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Socialists win municipal elections in Portugal

The ruling Socialists won municipal elections in Portugal but suffered a surprise defeat by a right-wing coalition in the capital Lisbon, according to official results Monday.

Prime Minister Antonio Costa’s Socialist party had hoped to ride the success of a vaccine campaign that has seen the country clock some of the highest inoculation rates in the world.

Last week, his government said almost all Covid restrictions would be lifted from October 1 after infections dropped in recent months.

Costa’s camp garnered 34.4 percent of Sunday’s vote and won in at least 147 municipalities, out of a total of 308 up for grabs.

His centre-right rivals led by former Porto mayor Rui Rio took 30.8 percent of the vote and 108 municipalities.

The Socialists, who won 2013 and 2017 municipal elections, did not expect to fare as well as they did four years ago when they secured a record high number of votes.

But a right-wing coalition led by former European commissioner Carlos Moedas beat the odds to take the capital Lisbon, usurping mayor Fernando Medina, who conceded defeat overnight Sunday to Monday.

It was the first time in 14 years the Socialists lost power in the capital.

Speaking after the vote, which ran into the early hours of Monday, Costa welcomed a “very clear victory” at the national level.

But he also acknowledged the “frustration” caused by an “unexpected defeat” in Lisbon, where he was mayor between 2007 and 2015.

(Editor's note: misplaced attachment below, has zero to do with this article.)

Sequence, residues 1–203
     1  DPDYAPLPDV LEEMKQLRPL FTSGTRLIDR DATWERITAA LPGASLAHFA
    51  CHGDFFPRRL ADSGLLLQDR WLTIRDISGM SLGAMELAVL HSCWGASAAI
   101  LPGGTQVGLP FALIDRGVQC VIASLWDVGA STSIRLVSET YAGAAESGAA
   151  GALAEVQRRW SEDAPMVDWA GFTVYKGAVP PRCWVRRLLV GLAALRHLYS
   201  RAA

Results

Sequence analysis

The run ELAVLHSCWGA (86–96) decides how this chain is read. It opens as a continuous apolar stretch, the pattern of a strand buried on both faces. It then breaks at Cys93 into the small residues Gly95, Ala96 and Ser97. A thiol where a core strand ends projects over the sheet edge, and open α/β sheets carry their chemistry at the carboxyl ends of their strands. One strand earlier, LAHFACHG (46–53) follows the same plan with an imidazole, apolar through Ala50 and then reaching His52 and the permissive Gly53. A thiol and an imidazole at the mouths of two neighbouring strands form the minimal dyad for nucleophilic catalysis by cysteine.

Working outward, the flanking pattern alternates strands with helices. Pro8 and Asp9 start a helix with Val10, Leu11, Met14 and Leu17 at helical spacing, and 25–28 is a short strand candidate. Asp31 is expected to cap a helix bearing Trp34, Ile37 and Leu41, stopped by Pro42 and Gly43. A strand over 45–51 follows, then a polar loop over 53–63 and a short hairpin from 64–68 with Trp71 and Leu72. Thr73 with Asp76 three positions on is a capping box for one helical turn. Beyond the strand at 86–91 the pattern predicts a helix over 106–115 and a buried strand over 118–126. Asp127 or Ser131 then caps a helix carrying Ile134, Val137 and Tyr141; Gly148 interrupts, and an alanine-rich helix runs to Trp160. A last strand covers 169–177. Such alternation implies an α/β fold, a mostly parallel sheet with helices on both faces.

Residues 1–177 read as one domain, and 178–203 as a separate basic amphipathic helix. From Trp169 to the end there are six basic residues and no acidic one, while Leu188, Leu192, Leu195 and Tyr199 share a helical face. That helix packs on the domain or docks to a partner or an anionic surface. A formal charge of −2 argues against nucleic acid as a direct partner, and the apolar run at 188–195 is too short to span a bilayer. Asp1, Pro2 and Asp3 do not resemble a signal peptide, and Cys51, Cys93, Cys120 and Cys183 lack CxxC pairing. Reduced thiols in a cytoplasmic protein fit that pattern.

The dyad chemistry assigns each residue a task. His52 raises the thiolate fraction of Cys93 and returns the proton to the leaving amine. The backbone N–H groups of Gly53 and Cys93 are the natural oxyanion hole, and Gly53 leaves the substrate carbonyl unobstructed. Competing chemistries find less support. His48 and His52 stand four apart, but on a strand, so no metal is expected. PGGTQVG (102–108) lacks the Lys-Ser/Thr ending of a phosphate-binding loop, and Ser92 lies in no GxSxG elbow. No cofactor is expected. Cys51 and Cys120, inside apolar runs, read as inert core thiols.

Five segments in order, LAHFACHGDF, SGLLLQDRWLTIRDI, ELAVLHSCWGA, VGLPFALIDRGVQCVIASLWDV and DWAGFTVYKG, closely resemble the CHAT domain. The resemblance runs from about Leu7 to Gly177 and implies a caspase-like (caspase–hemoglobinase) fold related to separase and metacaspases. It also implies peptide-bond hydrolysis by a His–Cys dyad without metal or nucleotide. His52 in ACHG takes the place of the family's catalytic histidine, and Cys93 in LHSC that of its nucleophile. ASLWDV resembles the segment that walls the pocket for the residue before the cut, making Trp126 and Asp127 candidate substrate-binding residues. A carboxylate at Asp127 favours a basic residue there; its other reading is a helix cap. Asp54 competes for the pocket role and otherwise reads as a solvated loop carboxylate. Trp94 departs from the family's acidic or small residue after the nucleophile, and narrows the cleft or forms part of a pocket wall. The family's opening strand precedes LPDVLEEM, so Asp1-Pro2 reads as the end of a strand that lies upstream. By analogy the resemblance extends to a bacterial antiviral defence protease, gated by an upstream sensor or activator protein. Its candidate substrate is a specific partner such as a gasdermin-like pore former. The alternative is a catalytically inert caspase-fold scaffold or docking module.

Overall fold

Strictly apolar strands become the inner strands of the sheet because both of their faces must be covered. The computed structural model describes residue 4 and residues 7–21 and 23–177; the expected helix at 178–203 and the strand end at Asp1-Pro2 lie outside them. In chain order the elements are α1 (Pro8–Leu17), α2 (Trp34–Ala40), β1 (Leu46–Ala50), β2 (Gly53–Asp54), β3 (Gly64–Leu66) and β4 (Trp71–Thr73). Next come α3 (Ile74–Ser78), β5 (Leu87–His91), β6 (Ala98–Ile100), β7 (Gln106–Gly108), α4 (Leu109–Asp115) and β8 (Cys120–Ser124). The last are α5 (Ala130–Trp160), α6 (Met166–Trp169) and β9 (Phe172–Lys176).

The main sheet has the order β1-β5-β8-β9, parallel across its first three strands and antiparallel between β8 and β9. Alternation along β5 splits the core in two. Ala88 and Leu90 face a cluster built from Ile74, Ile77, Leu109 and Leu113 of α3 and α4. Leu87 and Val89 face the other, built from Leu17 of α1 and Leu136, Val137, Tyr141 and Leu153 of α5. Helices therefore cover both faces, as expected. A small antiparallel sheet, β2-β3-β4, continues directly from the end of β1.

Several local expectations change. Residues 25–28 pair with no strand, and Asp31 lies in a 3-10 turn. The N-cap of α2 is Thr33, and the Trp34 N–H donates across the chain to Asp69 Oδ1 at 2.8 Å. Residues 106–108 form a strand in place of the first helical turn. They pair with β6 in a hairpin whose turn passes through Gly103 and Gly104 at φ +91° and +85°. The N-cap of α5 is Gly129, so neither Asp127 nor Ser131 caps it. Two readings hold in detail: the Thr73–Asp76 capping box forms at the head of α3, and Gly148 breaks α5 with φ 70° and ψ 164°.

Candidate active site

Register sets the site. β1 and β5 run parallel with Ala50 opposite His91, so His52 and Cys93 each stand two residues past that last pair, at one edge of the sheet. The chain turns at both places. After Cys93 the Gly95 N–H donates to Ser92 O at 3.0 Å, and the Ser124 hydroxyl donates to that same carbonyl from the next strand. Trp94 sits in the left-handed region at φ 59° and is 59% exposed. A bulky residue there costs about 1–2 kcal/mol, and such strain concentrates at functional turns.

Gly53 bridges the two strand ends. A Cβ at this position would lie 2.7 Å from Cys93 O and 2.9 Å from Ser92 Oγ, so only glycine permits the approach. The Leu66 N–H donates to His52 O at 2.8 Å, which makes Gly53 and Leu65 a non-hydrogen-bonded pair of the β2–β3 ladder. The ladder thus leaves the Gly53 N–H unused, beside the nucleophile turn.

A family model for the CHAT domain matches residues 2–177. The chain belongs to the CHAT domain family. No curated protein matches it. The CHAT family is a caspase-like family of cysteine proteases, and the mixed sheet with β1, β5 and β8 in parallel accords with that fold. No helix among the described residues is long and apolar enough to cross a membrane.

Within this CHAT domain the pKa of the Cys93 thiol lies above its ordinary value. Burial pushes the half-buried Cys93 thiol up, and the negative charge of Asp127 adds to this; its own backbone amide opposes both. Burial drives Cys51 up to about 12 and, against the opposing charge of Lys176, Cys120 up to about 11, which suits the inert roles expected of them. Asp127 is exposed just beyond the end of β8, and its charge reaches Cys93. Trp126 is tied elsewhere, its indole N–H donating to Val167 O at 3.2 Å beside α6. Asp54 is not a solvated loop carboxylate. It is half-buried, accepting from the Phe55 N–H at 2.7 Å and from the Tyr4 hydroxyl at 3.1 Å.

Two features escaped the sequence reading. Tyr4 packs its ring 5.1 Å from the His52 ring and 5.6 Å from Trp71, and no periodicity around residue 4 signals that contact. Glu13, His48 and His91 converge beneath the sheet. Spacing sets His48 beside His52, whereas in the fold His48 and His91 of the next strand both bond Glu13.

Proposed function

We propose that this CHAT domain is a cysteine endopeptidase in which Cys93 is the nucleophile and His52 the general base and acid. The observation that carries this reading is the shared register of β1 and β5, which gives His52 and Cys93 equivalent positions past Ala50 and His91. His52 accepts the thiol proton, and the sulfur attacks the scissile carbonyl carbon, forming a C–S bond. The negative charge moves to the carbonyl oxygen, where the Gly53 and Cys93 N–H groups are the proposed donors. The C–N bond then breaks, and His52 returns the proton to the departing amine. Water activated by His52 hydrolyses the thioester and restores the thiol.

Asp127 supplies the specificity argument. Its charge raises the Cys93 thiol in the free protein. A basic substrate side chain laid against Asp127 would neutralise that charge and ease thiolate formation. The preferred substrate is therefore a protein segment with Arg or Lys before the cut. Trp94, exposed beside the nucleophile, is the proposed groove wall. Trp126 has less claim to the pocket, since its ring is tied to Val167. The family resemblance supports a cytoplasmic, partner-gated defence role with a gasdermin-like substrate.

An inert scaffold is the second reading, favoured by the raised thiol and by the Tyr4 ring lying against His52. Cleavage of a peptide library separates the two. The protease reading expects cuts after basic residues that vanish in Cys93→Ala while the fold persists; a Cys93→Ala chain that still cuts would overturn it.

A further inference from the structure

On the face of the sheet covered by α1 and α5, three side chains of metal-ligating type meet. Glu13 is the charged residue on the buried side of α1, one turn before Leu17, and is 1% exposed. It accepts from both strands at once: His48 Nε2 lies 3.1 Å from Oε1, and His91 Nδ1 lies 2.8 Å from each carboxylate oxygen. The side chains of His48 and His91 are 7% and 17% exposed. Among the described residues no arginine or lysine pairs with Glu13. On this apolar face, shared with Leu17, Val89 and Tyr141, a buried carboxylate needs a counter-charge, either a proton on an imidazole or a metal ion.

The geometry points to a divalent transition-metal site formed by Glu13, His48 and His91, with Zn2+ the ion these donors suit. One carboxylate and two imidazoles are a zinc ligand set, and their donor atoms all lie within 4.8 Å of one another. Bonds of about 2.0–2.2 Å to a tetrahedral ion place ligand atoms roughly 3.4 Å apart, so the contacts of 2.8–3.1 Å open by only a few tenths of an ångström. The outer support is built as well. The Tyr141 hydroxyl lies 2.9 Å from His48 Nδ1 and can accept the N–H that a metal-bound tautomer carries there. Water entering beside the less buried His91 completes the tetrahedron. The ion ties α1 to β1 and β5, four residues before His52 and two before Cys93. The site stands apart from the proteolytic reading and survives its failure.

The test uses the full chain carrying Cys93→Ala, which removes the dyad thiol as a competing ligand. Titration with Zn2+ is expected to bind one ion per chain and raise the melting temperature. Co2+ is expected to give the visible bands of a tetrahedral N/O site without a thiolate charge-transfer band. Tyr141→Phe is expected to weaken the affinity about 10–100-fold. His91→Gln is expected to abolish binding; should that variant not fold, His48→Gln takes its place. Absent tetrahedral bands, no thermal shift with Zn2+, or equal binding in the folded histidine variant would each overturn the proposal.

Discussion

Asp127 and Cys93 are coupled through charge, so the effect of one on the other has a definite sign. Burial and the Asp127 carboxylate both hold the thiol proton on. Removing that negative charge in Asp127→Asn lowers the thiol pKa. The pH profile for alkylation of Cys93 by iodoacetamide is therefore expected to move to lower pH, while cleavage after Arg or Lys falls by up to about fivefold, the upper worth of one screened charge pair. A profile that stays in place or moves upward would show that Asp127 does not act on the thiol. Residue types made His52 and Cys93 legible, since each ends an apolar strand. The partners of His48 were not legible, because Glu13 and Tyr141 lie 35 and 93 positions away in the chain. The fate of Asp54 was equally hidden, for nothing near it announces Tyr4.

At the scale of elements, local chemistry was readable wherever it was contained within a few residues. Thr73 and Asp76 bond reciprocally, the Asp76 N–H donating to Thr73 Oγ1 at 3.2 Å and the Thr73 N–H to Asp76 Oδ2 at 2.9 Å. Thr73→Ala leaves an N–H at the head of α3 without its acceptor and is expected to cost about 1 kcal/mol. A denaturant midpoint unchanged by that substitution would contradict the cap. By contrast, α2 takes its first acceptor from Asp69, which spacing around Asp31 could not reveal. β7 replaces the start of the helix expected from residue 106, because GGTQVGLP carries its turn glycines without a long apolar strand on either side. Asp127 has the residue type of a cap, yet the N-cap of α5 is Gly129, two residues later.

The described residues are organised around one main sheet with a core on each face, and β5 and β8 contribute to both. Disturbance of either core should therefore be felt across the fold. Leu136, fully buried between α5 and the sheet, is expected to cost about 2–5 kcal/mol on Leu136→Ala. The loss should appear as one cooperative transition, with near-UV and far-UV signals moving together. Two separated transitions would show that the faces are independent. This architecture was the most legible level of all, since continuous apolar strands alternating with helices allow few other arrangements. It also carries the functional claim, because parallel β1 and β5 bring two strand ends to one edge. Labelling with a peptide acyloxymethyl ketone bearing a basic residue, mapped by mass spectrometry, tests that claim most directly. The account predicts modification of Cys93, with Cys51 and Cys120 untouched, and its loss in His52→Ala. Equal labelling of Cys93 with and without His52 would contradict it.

Moedas took 35.8 percent of the vote in the city, while the Socialists won 31.7 percent — flouting polls that had suggested the incumbent would easily hold on to power.

More than 60 municipalities flipped after Sunday’s election, which was marked by low voter turnout. Absenteeism was at 46.3 percent, up from the last municipal elections.

In addition to the capital, the Socialists were ousted by the right in Coimbra and Funchal. In Porto, the largest city in northern Portugal, the independent Rui Moreira was voted in for a new term, as the polls had anticipated.

The far-right Chega party, whose leader Andre Ventura made a splash in presidential elections last January, won 4.2 percent of Sunday’s vote but did not win any municipal seats.

Costa, who has been in power since 2015, focused his campaign largely on restoring the country’s economy, hard hit by the Covid-19 pandemic, thanks to investment projects financed by the European recovery plan.